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Program receives accolades



Published: Sat, June 11, 2005 @ 12:00 a.m.



The program matches first- and second-year nursing students with seniors.

YOUNGSTOWN -- A peer mentoring program aimed at helping new students at Youngstown State University survive the rigors of the nursing curriculum is garnering national attention.

The program, implemented this year, will be featured this fall in Imprint magazine, the official publication of the National Student Nurses Association.

The program also attracted interest at the NSNA's annual conference in Salt Lake City this spring. About 3,300 nursing students and faculty, including a contingent of 10 YSU students, attended the conference.

Robert Gudyk, president of YSU's chapter of the NSNA, and Laura Shannon, a YSU nursing student, created the program.

After the conference, Gudyk, of New Castle, said he received inquiries from several nursing schools wanting information about YSU's program.

Gudyk said the program helps nursing students deal with the stress of entering the nursing program.

In addition to courses in biology, chemistry and various other disciplines, nursing students work several hours a week with patients at local hospitals and other medical facilities, developing case studies, writing journals and reports, he said.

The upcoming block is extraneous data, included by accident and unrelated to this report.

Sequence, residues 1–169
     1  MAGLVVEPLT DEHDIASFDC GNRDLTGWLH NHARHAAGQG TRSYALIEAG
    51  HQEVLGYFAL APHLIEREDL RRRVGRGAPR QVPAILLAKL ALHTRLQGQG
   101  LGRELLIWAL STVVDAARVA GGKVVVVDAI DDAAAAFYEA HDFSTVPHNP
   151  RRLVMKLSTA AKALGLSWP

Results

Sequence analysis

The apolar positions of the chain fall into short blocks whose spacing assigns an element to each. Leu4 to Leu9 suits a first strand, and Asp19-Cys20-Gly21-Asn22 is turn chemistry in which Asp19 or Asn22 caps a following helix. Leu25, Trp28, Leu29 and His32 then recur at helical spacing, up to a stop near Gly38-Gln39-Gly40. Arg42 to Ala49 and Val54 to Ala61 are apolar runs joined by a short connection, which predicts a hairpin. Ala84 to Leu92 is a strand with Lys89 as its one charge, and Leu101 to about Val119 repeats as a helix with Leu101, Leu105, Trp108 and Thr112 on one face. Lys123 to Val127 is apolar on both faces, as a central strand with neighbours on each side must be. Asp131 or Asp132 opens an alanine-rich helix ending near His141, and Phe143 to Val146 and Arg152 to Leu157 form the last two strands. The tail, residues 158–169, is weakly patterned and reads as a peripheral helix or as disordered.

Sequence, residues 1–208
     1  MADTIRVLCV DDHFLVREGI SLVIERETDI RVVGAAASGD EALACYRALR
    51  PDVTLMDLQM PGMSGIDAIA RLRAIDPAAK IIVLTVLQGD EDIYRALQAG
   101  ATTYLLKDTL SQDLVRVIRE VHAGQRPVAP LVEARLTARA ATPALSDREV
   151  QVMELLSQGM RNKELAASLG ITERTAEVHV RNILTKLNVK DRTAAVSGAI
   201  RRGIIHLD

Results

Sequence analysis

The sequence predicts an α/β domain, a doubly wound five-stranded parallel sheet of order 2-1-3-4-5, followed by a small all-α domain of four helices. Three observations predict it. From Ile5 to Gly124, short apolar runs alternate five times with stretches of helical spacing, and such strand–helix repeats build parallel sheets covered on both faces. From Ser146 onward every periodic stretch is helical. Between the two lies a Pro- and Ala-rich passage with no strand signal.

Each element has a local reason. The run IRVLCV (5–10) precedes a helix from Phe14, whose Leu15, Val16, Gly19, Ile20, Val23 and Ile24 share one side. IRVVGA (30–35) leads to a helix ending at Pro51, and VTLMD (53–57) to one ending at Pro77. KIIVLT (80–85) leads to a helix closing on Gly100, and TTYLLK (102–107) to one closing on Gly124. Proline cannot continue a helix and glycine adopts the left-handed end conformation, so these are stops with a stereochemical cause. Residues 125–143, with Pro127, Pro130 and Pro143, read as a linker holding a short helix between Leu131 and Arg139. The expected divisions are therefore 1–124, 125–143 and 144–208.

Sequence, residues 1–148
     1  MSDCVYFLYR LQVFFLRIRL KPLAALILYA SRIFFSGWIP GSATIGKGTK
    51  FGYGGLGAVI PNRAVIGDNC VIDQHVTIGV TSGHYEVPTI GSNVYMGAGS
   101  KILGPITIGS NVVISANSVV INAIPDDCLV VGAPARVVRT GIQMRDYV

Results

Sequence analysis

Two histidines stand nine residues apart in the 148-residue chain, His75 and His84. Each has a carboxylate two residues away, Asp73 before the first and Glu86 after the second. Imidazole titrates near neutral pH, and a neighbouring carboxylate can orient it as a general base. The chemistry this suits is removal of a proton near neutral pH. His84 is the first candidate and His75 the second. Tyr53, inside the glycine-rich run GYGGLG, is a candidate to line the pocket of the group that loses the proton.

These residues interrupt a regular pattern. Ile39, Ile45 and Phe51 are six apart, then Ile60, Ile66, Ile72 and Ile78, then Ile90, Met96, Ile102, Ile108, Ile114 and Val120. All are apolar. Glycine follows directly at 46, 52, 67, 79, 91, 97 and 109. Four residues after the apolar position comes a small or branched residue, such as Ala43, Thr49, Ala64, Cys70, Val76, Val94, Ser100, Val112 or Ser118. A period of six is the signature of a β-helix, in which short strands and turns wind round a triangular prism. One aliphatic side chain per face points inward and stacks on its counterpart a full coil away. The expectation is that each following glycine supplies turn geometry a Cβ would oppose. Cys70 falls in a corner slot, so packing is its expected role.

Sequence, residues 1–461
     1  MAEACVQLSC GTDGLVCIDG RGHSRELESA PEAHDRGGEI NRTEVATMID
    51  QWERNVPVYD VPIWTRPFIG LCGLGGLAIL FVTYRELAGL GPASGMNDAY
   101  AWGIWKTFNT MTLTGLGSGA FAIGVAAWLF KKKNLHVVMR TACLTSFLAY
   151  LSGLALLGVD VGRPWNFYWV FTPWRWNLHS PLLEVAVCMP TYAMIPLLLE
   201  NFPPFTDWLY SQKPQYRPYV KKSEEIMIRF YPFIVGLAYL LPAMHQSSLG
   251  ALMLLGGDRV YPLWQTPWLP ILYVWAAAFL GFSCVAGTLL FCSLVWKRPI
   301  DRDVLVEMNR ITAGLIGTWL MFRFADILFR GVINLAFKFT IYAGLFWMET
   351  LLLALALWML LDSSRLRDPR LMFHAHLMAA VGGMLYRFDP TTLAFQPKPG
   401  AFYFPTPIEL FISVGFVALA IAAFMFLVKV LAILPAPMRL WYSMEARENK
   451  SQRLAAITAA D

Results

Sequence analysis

"You think, 'Oh my gosh, how am I going to get all of this done?'" said Gudyk, who graduated from Youngstown State University's nursing program this month. "It can be overwhelming. A lot of students don't make it."

Friendly guidance

Shannon, of Canfield, developed a system that matches about 120 first- and second-year nursing students with about 60 seniors.

"Having a friend who can guide you is so important, especially in that first year," Gudyk said.

Mentors help their younger colleagues with issues ranging from time management to family demands, Shannon said.

"Several of the senior students took a proactive role in their mentoring duties," Shannon said.

Patricia Hoyson, chairwoman of YSU's nursing department and an associate professor, agreed with Gudyk that faculty advisors can help struggling students, but there's nothing like having the shoulder of a fellow student to lean on.




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